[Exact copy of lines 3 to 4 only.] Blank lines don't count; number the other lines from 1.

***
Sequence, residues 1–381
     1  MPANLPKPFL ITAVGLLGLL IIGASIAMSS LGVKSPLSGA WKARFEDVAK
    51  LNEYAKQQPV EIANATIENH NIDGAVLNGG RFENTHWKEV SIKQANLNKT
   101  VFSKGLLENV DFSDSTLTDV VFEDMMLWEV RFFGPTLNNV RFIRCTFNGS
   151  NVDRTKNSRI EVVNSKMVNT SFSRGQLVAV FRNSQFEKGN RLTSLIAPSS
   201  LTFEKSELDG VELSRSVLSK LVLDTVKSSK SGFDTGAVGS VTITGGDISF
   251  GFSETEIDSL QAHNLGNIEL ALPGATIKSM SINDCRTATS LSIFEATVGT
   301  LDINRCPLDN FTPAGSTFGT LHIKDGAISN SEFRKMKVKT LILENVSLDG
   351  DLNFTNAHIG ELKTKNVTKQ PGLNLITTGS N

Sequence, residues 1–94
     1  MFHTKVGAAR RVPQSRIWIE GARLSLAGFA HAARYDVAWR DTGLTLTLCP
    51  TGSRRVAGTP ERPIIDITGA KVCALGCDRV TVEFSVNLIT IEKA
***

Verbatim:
    51  LNEYAKQQPV EIANATIENH NIDGAVLNGG RFENTHWKEV SIKQANLNKT
   101  VFSKGLLENV DFSDSTLTDV VFEDMMLWEV RFFGPTLNNV RFIRCTFNGS